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Everton 2-0 Chelsea, Premier League: Tactical Analysis

Breaking down Chelsea’s latest defeat

First half

Chelsea dominated the first half. They created a number of chances to score, predominantly from attacks on the left, and stopped Everton from getting out of their own half to sustain a high position.

The attacks on the left saw variations from Hazard, remaining wide on the outside of Coleman or leaving the wing to position himself on the inside to open space on the outside. With Hazard in the middle and Rudiger on the ball in midfield, Alonso would advance into the space ahead to receive a long diagonal ball (Barkley deep and inside to draw Richarlison’s attention away from covering Alonso), similar to how David Luiz has played to the right flank a number of times this season. In doing so, Everton’s defensive shape would be stretched (since they were positioned to hold their lines in midfield and stay away from their own box) and upon receiving the ball, Alonso would draw a defender towards him before finding Hazard in space between lines — going on to shoot at goal.

Another variation on the left was Alonso moving into a high position early on Everton’s backline, Barkley dropping back to the fullback position to collect the ball, and Hazard again central between lines. From here, Barkley could play the ball into Hazard (on the same diagonal line as Higuain ahead of him). Hazard could allow the ball to run through to Higuain, before receiving the return pass for another goal-scoring opportunity.

Hazard or Alonso receiving the ball high and wide left, on the outside of Coleman, would see them to play early passes behind and into the box for Barkley or Hazard running behind from the inside. When Hazard and Pedro switched wings momentarily, Chelsea would draw pressure on the ball to the right (on Hazard), including drawing Richarlison inside and away from Alonso, before switching to the left to create a 2v1 on the wing, which would result in Pedro having a shot from inside the box.

From the right, Pedro created chances through individual actions and had another opportunity from a quick free kick later on in the half, while Jorginho’s high and first-time ball into the box to pick out Higuain’s movement from between the central defenders to behind Mina created another chance.

On most occasions where they won the ball, Everton attempted to counter centrally and look for Calvert-Lewin with his back to goal early, which almost always gave the ball straight back to Chelsea. The only times they got out well were through Bernard, whose close control allowed him to hold onto the ball when 1v1 against Azpilicueta, and Calvert-Lewin making wide runs into the channels — something which he has done successfully against Chelsea in the past.

However, despite Chelsea’s domination and multiple chances, the game would go into the break at 0-0.

Second half

Immediately at the start of the second half, Everton won the ball from Chelsea’s usual long kick off to the left and counter-attacked the exposed wing (which was left open by Chelsea’s fullback being high up the pitch) with numbers (Sigurdsson moving wide to overload) for the first time, creating a chance and bringing the crowd into the game.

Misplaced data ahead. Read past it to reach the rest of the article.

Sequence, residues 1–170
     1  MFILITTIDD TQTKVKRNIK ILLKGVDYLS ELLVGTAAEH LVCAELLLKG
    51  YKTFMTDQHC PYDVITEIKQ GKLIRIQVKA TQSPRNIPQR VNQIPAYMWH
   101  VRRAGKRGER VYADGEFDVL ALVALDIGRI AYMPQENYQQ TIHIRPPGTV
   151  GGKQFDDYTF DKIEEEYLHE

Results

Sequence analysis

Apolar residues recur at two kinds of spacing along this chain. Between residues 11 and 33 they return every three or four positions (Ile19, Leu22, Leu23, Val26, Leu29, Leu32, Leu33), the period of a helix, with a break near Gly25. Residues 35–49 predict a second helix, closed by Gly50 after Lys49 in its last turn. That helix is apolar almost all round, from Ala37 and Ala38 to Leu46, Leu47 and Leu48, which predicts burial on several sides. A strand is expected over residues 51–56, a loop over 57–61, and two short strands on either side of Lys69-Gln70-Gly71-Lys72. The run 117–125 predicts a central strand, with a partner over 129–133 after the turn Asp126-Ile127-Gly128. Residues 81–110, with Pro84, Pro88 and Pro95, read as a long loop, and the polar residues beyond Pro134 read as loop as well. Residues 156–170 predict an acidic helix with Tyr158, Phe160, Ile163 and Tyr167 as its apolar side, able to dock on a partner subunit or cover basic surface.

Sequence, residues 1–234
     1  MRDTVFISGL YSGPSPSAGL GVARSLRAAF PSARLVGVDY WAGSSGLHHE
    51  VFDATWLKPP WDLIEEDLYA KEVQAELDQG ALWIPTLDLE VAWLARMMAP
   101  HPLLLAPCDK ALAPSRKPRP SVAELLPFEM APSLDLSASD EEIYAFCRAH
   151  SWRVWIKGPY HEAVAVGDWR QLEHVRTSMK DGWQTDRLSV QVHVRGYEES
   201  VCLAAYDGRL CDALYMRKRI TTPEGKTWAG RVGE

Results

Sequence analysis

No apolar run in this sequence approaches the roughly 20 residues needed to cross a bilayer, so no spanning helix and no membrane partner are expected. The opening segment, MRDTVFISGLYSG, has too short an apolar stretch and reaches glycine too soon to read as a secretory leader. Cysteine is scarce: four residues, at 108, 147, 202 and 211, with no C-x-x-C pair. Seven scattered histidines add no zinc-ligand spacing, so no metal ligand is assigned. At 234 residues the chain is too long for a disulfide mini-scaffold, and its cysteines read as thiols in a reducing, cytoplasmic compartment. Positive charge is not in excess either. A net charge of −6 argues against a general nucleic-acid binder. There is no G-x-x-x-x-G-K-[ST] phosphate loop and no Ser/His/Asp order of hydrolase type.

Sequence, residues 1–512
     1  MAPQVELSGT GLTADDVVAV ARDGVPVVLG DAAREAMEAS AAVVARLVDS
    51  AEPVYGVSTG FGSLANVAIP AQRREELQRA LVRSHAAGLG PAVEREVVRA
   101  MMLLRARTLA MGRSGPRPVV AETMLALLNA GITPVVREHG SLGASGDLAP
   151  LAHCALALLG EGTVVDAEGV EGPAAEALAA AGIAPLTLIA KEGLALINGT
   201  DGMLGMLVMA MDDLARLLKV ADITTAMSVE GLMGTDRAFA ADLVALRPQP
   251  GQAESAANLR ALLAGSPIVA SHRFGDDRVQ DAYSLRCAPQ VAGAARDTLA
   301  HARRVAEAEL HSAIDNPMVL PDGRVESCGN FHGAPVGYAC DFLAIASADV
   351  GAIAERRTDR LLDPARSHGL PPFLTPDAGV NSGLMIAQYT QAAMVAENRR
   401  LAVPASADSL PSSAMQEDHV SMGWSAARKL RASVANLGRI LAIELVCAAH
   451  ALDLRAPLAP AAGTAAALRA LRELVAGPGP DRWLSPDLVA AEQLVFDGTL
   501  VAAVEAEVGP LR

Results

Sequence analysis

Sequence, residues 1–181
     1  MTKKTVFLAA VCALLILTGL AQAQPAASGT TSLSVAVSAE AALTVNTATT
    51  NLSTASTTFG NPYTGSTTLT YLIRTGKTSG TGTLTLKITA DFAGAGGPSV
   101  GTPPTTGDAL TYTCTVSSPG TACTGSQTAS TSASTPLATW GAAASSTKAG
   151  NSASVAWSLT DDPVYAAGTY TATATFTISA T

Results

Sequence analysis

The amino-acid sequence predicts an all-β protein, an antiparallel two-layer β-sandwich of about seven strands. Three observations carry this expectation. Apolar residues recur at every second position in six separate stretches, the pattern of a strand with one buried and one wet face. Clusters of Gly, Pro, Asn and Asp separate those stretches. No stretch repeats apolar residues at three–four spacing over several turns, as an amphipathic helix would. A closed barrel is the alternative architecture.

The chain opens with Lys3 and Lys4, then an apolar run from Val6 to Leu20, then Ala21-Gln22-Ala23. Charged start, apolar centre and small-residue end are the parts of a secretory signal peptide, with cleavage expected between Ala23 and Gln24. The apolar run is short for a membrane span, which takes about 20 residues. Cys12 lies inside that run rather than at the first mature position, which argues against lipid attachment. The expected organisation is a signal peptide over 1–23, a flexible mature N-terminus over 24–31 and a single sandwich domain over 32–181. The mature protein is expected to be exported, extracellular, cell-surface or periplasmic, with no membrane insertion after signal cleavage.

(Ed.note: surprising that it took teams this long to expose this stupid routine, which now joins Jorginho’s penalty routine as habits that need to be more varied.)

From this point on, Everton would continue to counter-attack the spaces left on the wings, rather than the central passes in the first half, which much better results. Now that they could take the ball up to the final third and win set pieces in dangerous areas, they had a platform to create chances to score, and, would capitalise on a corner to take the lead (just as they nearly did with a set piece in the first half).

Chelsea continued to create chances after conceding, but, unlike during the first half, Chelsea couldn’t sustain their high position. Since Everton started countering on the wings, Chelsea would need to drop deep and defend, and then start their possession from deep inside their own half rather than from midfield or higher. And once again, by having more of the ball in the final third to create problems, Everton would win and score a penalty to extend their lead.

As the previous weekend, Chelsea switched to a 4-2-3-1 to try to score, and the options from the bench had an impact by offering different individual characteristics, but this time Chelsea were unable to find a goal.


Chelsea’s lack of finishing in the first half cost them. They could have been a number of goals ahead by half time against an Everton side unable to get into the game. Without scoring, Chelsea let Everton off the hook. In the second half, along with a change to start attacking the wings during counters, Everton’s performance with the ball improved significantly, allowing them to create chances and score twice.

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